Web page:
Swapping the Boardroom for the Classroom
Thousands of adults are chucking corporate careers in favor of teaching. What’s driving them to the classroom, and what do they find once they arrive?
By Cynthia Kopkowski
A few years ago, Jada Overton spent two hours each morning inching her car around the clogged Washington, D.C., beltway with other commuters, heading toward the telecommunications company where she would work a 12-hour day as a direct mail marketing manager.
Jada Overton gave up the corporate world for teaching.
“Miserable,” Overton says of her corporate rat race days, consumed by meetings, mergers, and memos. On a more recent morning, she prepared for another meeting, but this was one she eagerly anticipated. Eight fourth-graders were about to arrive at their school in Lakewood, New Jersey, and they were counting on their new teacher—Overton—to help them practice their vocabulary and comprehension techniques in her reading skills class.
Thoughts of switching to teaching—her mother’s profession—had long nagged at Overton. After the 9/11 attacks on the Pentagon and World Trade Center, she had had enough.
“I think a lot of people started thinking about what they were doing with their lives,” she says. “I know I did.”
One 60-percent pay cut and a year later, Overton arrived at Clifton Avenue Grade School as a basic skills teacher, “to try to give back to younger people. I wanted to feel like I was needed.” After taking eight hours of classes after school each week for a year, she earned certification to teach elementary school through New Jersey’s alternative licensing process. Now she is a full-time teacher.
In the past five years, nearly 17,000 career-changers like Overton have obtained teaching certification after leaving professions that had nothing to do with education, according to a recent survey by the National Center for Education Information. And, like their more experienced counterparts, members of this new breed of teachers say they are motivated by a strong desire to help children.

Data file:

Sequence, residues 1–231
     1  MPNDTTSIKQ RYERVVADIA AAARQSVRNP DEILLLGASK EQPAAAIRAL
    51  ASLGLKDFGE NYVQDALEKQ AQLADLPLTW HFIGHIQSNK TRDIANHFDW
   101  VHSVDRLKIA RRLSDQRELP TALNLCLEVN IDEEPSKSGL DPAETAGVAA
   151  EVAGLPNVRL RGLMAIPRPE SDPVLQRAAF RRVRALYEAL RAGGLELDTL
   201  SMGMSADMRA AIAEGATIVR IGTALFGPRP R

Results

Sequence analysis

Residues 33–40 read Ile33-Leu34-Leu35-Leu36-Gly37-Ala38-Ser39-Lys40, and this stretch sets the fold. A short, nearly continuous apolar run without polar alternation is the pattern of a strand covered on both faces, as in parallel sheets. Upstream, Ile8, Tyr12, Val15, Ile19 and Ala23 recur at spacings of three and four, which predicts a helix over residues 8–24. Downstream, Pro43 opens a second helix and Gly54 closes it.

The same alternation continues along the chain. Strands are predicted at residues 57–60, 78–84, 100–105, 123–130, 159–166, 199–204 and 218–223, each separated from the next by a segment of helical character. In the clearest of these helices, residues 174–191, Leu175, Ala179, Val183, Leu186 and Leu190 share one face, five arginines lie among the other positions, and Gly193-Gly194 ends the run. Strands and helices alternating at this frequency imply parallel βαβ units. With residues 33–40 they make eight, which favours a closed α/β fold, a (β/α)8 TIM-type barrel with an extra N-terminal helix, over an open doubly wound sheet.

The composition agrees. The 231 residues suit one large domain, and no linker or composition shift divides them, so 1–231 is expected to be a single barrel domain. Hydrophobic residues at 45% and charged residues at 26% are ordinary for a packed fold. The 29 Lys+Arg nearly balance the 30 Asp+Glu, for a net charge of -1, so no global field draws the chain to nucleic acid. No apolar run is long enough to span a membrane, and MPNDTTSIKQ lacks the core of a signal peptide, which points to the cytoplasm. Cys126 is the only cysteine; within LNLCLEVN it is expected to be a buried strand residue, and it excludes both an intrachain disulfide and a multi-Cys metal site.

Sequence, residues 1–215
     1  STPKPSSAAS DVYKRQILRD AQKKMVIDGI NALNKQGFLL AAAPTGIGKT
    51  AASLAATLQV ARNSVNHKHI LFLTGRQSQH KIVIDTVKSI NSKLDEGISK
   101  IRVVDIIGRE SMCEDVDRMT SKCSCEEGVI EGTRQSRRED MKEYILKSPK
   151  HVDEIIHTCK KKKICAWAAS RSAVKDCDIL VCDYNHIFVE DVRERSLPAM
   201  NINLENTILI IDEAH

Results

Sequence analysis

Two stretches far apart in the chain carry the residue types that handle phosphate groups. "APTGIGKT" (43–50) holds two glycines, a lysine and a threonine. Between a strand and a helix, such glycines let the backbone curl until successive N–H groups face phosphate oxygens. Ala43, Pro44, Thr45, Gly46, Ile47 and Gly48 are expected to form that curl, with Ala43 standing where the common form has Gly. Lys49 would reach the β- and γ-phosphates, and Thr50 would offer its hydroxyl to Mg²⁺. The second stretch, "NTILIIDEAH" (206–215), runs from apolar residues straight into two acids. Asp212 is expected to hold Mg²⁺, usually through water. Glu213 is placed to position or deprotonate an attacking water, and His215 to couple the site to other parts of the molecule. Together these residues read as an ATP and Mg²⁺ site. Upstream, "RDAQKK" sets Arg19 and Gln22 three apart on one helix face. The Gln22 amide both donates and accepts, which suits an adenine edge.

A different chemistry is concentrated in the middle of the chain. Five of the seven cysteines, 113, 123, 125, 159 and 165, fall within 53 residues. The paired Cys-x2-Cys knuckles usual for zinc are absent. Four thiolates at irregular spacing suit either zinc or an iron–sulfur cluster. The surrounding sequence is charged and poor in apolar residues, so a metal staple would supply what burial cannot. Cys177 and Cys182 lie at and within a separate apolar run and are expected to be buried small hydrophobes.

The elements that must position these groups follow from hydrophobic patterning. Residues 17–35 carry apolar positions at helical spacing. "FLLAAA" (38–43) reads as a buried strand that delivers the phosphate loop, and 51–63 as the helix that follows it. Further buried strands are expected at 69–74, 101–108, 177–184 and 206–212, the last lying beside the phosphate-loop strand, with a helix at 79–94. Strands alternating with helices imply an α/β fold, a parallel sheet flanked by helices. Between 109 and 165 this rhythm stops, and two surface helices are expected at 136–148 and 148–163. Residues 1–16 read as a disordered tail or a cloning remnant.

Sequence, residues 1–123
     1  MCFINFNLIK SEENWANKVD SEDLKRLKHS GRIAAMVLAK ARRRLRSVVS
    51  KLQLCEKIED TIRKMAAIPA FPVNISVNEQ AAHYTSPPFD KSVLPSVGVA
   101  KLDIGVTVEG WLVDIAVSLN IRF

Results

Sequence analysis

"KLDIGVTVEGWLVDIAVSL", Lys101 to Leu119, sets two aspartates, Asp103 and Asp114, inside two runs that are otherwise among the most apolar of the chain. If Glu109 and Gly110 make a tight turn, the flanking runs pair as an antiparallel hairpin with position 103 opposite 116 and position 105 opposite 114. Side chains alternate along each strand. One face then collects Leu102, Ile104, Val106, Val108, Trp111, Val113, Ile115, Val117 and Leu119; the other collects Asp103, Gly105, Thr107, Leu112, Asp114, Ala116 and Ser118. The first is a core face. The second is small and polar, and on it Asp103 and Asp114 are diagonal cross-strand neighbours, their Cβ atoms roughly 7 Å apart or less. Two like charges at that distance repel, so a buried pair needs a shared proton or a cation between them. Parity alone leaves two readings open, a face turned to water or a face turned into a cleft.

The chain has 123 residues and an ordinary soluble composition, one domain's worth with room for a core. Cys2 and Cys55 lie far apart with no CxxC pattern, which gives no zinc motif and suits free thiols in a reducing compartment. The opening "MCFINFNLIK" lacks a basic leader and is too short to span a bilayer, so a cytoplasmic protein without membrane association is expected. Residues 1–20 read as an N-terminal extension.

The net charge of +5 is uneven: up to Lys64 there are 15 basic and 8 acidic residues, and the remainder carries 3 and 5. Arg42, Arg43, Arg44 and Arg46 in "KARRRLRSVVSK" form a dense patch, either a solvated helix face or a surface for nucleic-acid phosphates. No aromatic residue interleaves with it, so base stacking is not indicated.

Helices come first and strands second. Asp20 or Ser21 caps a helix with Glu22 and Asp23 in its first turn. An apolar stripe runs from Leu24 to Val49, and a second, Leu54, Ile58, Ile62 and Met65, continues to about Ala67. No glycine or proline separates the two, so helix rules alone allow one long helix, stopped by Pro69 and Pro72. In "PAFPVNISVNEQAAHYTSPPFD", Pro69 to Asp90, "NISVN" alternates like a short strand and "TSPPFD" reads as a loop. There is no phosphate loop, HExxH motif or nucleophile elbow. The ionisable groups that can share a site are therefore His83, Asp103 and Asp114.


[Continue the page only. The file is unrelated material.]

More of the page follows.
The alternative routes today’s career-switchers take—which range from comprehensive programs with extensive clinical practice requirements in some states to Internet-based testing-only programs in others—offer individuals with college degrees a chance to become certified by meeting state requirements. Teachers are typically able to work as classroom assistants while they obtain certification. Almost half of those surveyed said they wouldn’t have become teachers if alternate routes didn’t exist. Forty-seven states offer 538 such programs.
The popularity of this path to education isn’t likely to fade, especially as school systems grapple with a projected need for 400,000 new teachers in the next eight years. But it has also given rise to a greater need to monitor and support those teachers as they enter classrooms, says Donald Washington, of NEA Teacher Quality.
While NEA is not opposed to alternative routes, one concern revolves around the rigor of some of the programs. The Association strongly opposes licensing based solely on testing.
Ensuring that alternative route teachers are qualified means establishing that they have extensive clinical practice; demonstrated knowledge of their subject, child development, and pedagogy; and meet every state standard, notes Washington. Interviews and observation, along with testing, offer a better gauge than testing alone. “Those who are more fully prepared with high-quality alternative certification are more likely to stay in teaching,” he says.